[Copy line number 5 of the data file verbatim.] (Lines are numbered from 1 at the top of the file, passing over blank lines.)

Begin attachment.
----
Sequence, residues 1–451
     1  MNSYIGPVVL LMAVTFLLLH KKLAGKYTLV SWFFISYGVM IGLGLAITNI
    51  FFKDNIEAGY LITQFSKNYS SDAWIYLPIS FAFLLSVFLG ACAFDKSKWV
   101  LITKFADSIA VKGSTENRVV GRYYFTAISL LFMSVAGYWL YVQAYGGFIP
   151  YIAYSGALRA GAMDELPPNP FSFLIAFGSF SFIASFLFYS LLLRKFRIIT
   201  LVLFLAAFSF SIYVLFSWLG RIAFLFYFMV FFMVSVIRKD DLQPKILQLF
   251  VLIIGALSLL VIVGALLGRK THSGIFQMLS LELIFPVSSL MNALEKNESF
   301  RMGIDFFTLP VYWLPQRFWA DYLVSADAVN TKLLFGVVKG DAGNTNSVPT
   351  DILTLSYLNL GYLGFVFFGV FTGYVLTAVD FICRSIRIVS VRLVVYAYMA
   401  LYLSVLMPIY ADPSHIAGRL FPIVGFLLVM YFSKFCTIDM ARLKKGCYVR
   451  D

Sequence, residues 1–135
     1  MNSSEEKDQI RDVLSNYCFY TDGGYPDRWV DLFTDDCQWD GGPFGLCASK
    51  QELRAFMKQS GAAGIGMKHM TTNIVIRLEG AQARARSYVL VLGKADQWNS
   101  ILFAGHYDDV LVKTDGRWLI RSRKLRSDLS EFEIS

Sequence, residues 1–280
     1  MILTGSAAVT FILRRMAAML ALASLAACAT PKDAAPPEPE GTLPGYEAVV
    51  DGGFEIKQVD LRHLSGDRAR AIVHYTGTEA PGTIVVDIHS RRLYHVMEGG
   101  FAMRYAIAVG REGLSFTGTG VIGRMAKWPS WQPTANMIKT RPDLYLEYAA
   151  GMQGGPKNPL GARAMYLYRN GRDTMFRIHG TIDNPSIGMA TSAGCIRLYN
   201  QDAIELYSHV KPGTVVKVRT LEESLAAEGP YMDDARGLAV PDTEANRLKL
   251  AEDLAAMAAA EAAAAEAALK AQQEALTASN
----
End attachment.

   151  YIAYSGALRA GAMDELPPNP FSFLIAFGSF SFIASFLFYS LLLRKFRIIT